The pandemic dragged on and in late 2020, after nine months of uncertainty, the State presented a formal offer in successor bargaining to be effective July 1, 2021. The State’s initial proposal was for Unit 7 Faculty to take a 9.3% pay cut over the next four years to June 30, 2025. The UHPA Negotiations Committee challenged and countered the Employer’s position and worked tirelessly to protect and ensure the financial stability for its members and reluctantly agreed to a two year contract with no pay increases through June 30, 2023. At the time, it was a reasonable concession to avoid and prevent the Employer from implementing more drastic actions such as furloughs or layoffs/retrenchment that would have impacted the quality of instruction and the livelihoods of all Faculty members. 

A New Time, A New Financial Offer

Fast forward to today: the State coffers are now flush with cash due to the infusion of Federal stimulus funds and the State’s economy making an incredible turnaround sooner than expected. As a result, UHPA was approached by the State’s Chief Negotiator, Ryker Wada, with the full support of Governor Ige, to see if UHPA was open to enter into off-the-record mid-term bargaining to extend the current Unit 7 Agreement along with a proposed financial offer from the State. After several months of bargaining, the State proposed a final financial package similar to what was agreed to with the other bargaining units who had wage reopeners in their agreement. (Other unions, which negotiated a reopener for the second year of their contracts, are receiving some much needed financial offers from the State.)

UHPA Board Supports Proposal

Late last week, the UHPA Negotiating Committee thoroughly reviewed and analyzed the State’s financial offer to extend the duration of the Unit 7 Agreement. They voted in support of the State’s financial offer and recommended that it be sent to the UHPA Board of Directors for the Board’s review and consideration. On Saturday, April 2nd the UHPA Board of Directors unanimously agreed to accept the State’s financial offer and to submit the proposal to the Faculty for consideration with a recommendation to approve.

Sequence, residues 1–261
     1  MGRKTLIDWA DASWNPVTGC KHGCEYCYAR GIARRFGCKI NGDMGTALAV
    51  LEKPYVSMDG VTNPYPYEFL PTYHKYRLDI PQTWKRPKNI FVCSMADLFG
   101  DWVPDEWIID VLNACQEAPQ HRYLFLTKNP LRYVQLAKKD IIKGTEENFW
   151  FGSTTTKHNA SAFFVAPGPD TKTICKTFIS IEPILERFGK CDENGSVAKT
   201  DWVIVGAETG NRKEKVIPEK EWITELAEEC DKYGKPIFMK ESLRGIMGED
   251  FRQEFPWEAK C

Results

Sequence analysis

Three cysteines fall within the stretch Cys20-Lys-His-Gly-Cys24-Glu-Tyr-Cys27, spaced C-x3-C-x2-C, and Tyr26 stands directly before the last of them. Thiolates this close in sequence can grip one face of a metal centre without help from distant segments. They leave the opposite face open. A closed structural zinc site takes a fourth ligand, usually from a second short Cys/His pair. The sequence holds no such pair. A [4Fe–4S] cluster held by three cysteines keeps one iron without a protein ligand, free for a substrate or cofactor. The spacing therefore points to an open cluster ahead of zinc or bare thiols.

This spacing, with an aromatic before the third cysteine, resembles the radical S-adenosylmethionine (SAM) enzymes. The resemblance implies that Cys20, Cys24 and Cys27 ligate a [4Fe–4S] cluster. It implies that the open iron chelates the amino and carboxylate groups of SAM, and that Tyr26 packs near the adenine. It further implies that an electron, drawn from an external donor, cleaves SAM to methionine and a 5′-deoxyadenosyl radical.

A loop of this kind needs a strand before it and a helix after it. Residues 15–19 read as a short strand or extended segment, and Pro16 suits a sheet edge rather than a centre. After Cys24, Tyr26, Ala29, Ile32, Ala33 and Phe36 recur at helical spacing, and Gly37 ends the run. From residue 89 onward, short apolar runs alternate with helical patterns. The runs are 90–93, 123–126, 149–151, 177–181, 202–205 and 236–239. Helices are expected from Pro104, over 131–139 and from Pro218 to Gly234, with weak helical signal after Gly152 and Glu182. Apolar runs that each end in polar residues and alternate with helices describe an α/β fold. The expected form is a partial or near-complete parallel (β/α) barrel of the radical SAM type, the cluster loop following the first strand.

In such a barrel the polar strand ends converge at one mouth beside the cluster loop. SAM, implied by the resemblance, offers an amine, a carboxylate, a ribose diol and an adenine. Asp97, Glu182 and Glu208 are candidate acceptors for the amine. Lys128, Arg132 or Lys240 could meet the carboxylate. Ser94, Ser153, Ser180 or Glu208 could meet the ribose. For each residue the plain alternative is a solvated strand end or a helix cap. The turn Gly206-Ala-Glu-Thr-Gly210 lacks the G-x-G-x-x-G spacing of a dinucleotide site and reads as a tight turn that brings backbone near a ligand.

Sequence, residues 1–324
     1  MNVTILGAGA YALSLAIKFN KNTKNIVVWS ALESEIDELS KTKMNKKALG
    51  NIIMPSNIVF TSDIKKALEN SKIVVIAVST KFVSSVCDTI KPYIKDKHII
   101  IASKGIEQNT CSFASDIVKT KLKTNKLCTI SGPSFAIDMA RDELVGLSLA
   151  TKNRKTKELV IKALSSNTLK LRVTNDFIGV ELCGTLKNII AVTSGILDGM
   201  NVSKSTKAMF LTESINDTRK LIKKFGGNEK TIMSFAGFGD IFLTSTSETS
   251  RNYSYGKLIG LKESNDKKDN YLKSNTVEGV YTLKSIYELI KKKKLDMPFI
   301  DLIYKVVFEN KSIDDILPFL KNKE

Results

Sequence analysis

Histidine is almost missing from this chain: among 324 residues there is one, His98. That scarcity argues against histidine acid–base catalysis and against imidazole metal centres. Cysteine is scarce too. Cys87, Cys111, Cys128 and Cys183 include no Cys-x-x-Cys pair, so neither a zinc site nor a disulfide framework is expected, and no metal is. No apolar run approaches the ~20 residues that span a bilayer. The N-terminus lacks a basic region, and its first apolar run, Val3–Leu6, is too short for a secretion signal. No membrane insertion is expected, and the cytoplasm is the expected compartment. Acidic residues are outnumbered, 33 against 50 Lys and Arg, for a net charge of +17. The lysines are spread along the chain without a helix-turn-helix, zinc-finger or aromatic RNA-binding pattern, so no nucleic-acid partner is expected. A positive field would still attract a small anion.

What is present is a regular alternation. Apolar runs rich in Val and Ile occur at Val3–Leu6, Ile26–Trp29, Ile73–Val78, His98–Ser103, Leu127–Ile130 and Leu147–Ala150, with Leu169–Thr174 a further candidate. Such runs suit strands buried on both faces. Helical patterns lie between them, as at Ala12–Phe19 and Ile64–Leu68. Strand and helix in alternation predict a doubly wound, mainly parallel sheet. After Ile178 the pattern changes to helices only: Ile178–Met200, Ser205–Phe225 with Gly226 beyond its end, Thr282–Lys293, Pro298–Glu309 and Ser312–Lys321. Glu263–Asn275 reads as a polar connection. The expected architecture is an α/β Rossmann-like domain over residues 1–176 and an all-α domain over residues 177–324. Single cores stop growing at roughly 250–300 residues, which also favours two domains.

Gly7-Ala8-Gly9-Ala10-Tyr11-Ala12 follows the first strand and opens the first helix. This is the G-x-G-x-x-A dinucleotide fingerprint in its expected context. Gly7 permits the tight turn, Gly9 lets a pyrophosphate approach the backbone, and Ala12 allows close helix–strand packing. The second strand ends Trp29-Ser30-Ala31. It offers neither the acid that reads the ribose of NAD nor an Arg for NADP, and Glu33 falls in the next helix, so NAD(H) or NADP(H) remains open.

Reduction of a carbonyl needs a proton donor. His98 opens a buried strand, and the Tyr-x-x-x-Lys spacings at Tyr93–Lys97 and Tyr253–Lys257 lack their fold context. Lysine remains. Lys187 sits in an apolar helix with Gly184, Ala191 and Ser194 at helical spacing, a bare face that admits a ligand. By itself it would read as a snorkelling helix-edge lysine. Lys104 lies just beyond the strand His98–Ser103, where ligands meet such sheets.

Ratification Voting Period Begins This Wednesday

Be on the lookout, Tuesday, April 5th, for the details on the financial offer to extend the current Unit 7 Agreement from June 30, 2023 to June 30, 2025. Ratification of the financial offer will commence at 12:00 p.m. noon on Wednesday, April 6th, and shall conclude at 12:00 p.m. noon Friday, April 8th. UHPA plans to release the results of the ratification later that afternoon.

UHPA Files Dissent on Tenure Group Discussions

The following is a copy of UHPA Executive Director Christian Fernʻs dissent to the Board of Regents Permitted Interaction Group (see page 188) on Tenure, Sept 10, 2021.

Letter of Dissenting Opinion 

(also published on page 211 of the BOR Sept 16 meeting materials)

Aloha Chair Moore and Board of Regents:

On February 18, 2021, the University of Hawai‘i Board of Regents established and gave the Tenure Permitted Interaction Group (“Task Group”) an important assignment; to fully explore tenure, including its history and purpose, how tenure has evolved, current views of tenure from those outside the University of Hawai‘i system, and a review of current processes, criteria and decision-making on tenure.

In the last legislative session, certain legislators began to audaciously step outside the scope of their responsibilities and attempted to micromanage the University of Hawai‘i’s operations. It was appalling to witness a legislator publicly admit that the positions of specific tenured faculty members were being targeted for termination. This is some important context because tenure has been a topic of debate and discussion for more than half a century, and was one important reason the faculty sought fair representation with the University of Hawaii Professional Assembly in 1974.